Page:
• elegant – Thanks for the kind words. Azhar was certainly as wristy as Laxman, but the ball was hit more frequently through the legside, with more of a whip than a stroke. That shot was his and Viv Richards’ alone before KP started doing it. VVS, I suggest, hits more on the offside, gliding rather than whipping or punching the ball.

      Of course Azhar was lovely to watch, especially in England, but his legacy is that awful bottom hand half pull off the front foot that crunches the ball through midwicket in one dayers. Graeme Smith does it, Luke Wright too and it’s sad that Azhar’s signature shot has been so bastardised.

  3. VVS has been an absolute thorn in Australian sides over the years.

  4. Hi…this is definitely one of the best articles ive read abt vvs ..ive been a huge admirer of his batting for the last 10 years and iam really happy to see him play like this…..like u said..there is no other player like him…….btw Mr Trumpet do you even believe laxman is more elegant to watch than Mark waugh and David gower ???……i certainly think so…but some ppl say iam biased :)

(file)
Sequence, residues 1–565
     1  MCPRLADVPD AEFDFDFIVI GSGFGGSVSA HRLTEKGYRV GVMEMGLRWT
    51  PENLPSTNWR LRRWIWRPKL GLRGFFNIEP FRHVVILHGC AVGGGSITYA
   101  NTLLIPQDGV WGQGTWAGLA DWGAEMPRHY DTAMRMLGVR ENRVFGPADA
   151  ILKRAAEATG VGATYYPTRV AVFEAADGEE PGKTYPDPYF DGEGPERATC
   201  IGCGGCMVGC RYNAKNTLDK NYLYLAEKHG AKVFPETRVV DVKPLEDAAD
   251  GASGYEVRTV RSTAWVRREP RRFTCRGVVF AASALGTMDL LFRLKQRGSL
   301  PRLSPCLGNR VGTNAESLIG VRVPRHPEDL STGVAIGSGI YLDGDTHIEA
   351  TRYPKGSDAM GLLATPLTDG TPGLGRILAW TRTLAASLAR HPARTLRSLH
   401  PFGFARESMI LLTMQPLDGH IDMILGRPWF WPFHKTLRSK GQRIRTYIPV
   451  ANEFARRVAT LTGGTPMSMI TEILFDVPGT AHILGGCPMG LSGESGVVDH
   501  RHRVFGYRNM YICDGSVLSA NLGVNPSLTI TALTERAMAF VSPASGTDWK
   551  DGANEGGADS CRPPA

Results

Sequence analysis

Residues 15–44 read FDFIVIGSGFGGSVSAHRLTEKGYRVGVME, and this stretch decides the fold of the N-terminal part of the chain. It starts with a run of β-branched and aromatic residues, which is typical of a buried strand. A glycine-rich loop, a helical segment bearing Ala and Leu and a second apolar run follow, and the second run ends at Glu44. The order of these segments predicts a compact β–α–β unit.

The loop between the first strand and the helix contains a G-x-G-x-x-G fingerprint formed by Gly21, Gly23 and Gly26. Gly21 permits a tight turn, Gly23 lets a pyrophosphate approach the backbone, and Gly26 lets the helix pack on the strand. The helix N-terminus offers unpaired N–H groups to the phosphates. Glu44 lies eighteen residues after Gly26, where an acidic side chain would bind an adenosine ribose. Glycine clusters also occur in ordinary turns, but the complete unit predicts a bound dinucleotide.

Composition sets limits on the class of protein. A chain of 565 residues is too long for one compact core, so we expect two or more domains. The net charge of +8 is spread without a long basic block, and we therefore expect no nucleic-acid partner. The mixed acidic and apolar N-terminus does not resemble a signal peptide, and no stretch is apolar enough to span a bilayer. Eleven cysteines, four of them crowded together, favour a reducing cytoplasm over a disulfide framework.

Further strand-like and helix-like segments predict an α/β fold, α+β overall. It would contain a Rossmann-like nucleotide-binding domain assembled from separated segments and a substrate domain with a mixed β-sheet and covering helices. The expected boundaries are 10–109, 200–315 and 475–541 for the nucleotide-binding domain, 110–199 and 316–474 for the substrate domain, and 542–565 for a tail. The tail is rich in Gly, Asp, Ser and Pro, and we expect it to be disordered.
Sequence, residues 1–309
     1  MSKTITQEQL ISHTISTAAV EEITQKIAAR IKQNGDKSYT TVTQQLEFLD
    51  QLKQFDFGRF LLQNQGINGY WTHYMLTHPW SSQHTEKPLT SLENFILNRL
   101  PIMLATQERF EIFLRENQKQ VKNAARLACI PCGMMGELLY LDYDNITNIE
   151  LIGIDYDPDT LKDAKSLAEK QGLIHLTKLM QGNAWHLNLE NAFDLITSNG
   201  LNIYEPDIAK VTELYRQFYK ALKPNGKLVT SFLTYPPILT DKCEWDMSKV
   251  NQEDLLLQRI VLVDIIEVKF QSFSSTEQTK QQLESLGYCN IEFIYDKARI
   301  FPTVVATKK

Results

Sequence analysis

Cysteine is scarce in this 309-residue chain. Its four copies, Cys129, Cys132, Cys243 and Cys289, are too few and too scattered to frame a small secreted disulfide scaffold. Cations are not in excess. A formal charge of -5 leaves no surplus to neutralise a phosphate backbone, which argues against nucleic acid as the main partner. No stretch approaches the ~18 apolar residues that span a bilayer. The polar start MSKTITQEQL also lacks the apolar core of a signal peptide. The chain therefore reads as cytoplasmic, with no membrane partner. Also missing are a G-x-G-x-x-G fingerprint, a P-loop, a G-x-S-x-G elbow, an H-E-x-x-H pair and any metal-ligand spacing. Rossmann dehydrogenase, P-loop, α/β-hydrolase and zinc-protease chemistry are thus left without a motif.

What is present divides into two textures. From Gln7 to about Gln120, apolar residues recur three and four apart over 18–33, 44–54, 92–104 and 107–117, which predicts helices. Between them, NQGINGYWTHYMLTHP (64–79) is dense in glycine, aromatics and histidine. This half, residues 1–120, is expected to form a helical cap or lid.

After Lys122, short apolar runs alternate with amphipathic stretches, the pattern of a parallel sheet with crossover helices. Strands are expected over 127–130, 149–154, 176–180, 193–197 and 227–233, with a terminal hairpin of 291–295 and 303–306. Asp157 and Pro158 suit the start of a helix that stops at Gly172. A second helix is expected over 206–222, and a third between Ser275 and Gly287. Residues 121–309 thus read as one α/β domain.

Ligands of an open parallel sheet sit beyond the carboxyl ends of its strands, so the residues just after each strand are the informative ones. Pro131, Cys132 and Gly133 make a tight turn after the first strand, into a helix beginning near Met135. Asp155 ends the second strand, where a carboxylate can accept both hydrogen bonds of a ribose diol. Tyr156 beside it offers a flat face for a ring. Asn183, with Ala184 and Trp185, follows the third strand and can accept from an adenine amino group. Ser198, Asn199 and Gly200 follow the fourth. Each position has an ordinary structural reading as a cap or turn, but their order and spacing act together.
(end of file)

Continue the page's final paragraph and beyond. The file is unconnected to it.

5. David Gower – YES! Lara – No way! I am not even remotely suggesting Lara was any lesser batsman – just not in the same bracket.
    To me Azhar and Mark Waugh are the three men in this club of wrist masters albeit using it their own unique way.

    I still wouldnt consider David Gower in this club because he is a lefty – They have a god given lazy elegance in almost all of them good ones
    (Ganguly, WV Raman et al).

    Another unsung batsman with exquisite elegance is certainly Carl Hooper. I remember in my childhood staying througout the night just to watch him bat!
    Curiously, all these are gentle players – none of them were aggressive on and off the field and very sporting.
    Alas – if only Azhar knew he had enough money anyways!

    • Please add Saleem Malik to the list of supreme wrist artists.

  6. Excellent post, Toots. Thanks.

    I don’t want to talk about VVS’ batting because many better writers than I have waxed eloquent.

    Yesterday, I was watching some local news channel and they showed a brief interview with his family. Both his parents are doctors (VVS himself was a medical student for a while, before he focused full time on Cricket) and they were refreshingly humble about their son’s achievements.In fact, they didn’t talk about it as his achievement – “we are happy he is fulfilling his ambitions by doing well for the country.” His wife also talked about “playing his part in the win”. Gave me the impression of a very humble, and grounded family, with no starry airs at all.